June 29, 2009

Tandom Thoughts One

Where the heck have I been? Around.

Tandom Thoughts was a column that I wrote for my school paper my junior and senior years. It was delightfully forgettable and tandom. In fact, the name of the column was a failed attempt to combine my name with the word "random". Instead, it just made the yearbook teacher constantly point out that we misspelled tandem therefore making the yearbook crew far superior at spellchecking. Yet, he constantly tried to recruit me to join yearbook and bring Tandom Thoughts with me. Hmmmmmmm.

Anyway, I decided "Why not bring Tandom Thoughts to Blogger?" So here it is. Tandom Thoughts coming to Blogger.

To start this new adventure, I thought I'd give you my favorite edition of Tandom Thoughts I wrote.

We all like a good story. Especially ones that are so unbelievable, people don't care whether they are true or not.

To prove my point. I will now tell the story about how I killed a bear.

I was strolling through the woods thinking to myself, when suddenly I heard a rustling behind some bushes.

I went to check it out and lo-and-behold I was staring a ten-foot-bear right in the leg.

We stared at each other for a bit. Neither of us was really doing anything. That is until I noticed he was scolding me. Ten-foot-bear or not, I don't like being scolded at.

"Your fur is mangy," I told him. He scolded more and said, "So is yours." At this point, I had to pull out the big guns. I mentioned his mom.

"Your mom doesn't like your mangy fur." Take that, bear-face.

He simply replied with "At least my mom doesn't want me to cut my mangy fur."

This got me a little mad, so I started pointing at him. Mind you, bears DO NOT like to be pointed at.

He then ran at me. I then dramatically jumped out of the way while the Six Million Dollar Man sound effect played and forced him into a tree. Unfortunately, he recovered.

He then began chasing me around the lake. I had to resort to dirty tricks: I threw a stick at his feet. This stumbled him up but not enough.

He came at me again, but this time I jumped on his back and began steering him by tugging his ears. Yes, you can steer bears.

While riding bearback (BEAR-back! Get it? No? Well you stink.) I looked for a way to end this epic, yet not-so-violent battle.

Thinking quickly, I steered him into a trash can full of fatty foods. Upon consuming so much at one time, he then had a heart attack.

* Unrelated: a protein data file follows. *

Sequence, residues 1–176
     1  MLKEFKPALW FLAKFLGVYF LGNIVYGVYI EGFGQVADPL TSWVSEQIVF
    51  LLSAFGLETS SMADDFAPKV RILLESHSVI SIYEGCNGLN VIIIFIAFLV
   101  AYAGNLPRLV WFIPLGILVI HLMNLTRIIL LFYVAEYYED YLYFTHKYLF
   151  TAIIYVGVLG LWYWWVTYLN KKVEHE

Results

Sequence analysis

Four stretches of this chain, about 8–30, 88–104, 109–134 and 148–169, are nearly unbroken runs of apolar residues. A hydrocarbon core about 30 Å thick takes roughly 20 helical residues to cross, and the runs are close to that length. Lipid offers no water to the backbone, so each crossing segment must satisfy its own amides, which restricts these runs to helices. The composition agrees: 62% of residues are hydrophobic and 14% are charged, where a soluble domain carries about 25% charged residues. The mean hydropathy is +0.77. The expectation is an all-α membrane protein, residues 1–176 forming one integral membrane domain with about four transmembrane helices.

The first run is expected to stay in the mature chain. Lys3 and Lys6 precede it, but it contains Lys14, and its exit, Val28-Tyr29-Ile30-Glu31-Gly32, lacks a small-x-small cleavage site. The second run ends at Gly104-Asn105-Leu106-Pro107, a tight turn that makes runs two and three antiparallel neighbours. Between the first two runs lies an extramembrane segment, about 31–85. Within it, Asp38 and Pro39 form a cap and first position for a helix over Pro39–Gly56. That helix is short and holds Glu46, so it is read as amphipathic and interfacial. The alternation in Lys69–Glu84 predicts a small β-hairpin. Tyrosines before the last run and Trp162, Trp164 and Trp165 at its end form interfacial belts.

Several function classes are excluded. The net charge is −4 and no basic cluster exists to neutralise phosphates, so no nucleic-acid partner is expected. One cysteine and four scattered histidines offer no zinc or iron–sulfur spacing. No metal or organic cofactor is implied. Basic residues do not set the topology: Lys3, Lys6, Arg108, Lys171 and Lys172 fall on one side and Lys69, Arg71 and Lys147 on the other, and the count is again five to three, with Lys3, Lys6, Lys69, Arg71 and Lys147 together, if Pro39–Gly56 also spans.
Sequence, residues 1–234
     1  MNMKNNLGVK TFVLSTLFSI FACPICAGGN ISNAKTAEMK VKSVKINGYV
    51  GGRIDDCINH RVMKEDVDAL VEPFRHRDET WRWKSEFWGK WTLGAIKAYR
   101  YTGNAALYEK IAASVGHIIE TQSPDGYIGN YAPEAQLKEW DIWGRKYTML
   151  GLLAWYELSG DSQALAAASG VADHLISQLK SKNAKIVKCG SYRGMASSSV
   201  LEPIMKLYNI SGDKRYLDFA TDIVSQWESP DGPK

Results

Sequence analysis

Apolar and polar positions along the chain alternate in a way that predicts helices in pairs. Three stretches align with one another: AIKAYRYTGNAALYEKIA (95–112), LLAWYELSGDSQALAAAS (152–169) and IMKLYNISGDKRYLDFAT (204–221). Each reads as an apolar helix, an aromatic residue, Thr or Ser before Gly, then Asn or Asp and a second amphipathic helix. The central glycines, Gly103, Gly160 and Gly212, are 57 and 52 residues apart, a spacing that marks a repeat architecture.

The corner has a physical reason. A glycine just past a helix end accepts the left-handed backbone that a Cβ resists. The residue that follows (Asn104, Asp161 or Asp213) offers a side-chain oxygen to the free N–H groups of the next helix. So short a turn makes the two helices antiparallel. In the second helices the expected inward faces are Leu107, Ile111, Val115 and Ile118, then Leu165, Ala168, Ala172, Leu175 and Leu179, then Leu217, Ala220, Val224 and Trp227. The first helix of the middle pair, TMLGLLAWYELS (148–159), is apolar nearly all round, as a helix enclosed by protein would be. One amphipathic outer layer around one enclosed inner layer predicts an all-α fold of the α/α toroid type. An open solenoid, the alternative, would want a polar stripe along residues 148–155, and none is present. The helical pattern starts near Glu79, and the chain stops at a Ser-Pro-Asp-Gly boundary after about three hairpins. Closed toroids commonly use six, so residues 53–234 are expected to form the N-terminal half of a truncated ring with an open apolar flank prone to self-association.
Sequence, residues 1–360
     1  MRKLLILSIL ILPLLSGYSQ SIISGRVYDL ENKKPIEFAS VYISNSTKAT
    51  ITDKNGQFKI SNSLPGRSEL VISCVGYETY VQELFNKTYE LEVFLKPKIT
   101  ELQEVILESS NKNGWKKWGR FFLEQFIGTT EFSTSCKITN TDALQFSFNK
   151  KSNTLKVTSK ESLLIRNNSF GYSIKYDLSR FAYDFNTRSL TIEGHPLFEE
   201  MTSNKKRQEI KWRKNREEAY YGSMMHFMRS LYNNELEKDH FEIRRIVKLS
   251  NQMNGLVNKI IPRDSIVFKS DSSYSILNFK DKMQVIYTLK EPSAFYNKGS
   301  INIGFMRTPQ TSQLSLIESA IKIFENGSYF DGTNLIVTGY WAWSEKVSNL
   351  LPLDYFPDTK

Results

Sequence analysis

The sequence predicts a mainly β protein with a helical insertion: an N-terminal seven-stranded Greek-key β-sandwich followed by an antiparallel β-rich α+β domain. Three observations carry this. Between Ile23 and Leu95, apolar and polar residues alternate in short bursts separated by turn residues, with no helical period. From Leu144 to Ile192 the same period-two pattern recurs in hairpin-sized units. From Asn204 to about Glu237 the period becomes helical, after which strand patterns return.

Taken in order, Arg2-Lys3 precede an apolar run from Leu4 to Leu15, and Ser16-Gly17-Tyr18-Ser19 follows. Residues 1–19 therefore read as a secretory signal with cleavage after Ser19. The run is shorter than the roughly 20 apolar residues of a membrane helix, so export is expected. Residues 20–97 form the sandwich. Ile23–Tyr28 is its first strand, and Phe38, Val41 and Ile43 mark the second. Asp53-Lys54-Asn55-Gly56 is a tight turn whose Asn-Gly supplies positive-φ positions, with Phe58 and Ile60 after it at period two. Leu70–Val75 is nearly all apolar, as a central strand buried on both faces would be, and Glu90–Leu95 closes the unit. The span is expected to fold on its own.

As he clinched his arm in pain, he looked up at me and said "Good game." Watching him die somewhat peacefully with a smile on his face, I realized this brave beast must live on somehow. So I took him home and shaved his head and arms. And that is why my flip-flops are so furry.

Tha. End.

June 8, 2009

Action Figure Collecting Or: How I Learned To Stop Worrying And Love The Fun

As many of you know, I collect and still play with action figures.


Short answer: I'm a geek who refuses to put his inner-child in a corner.

I've just always gotten a simple pleasure out of buying them and I always get a joy out of having various heroes and villains duking it out.

At one point in my life, believe it or not, I hardly focused on the play value.

As a child, I was never to picky about action figures. I loved the cheap discount/dollar store figures just as much as the major ones available at K-B, Toys R Us, Walmart, Target, etc. They were just fun.

Skip ahead a few years and I became a "collector". Therefore, I paid close attention to detail, articulation, accessories, dates of release for a certain series, etc. And toy shopping wasn't just "Hey, this guy looks super cool" like it was when I was younger. It was like I was looking for the right car. Oh sure, a car would be just fine but it needs to be the perfect car for me. I was buying particular figures for particular reasons.

When I'd go to any comic shop that sold old toys, I'd get a second chance to get a figure I missed out on when I was younger. Upon buying a few of them, I noticed the quality wasn't as great as a lot of stuff and sometimes the weapons or action features were pretty cheesy. But I realized something they had that was the reason I loved them when I was younger: they had a fun factor.

I'd been too busy treating action figures like works of art that I forgot the purpose of them. Now, some action figures I have are from collector oriented lines. That doesn't stop me from playing with them from time-to-time. Sure I spent about fifteen bucks on Captain Atom and all he's really meant for is to stand on my shelf and look stoic. But hey, he looks like the type who could fight a giant generic robot. Plus with one leg bent upward, he gets that cool hovering pose. And that look on his face just says "Yeah, I could've gone home with a collector who'd keep me in the box, but Tanner gives me the oppurunity to be the butt-kicking hero I was made to be. That Dollar General brand robot never stood a chance."

Now I split it up. Sometimes I'll hunt for specific figures to add to the collection when I got to a comic book store. But if I'm at Walmart, Target, or Toys R Us, I look for toys I think will just be fun and provide my inner-child with a good, action-packed playtime. 'Action Figure Collector Tanner' may want to get that epically posed Captain America that stands there, but 'Forever-Ten-Years-Old Tanner' thinks the CORPS! figures will make for a super cool military themed adventure in the sandbox.

But no matter what, I try to find the fun factor in any action figure I buy now. If it doesn't have a high play value, I think of cool ways to display it. Just so long as I find the fun in it.

After all, isn't that the point of toys?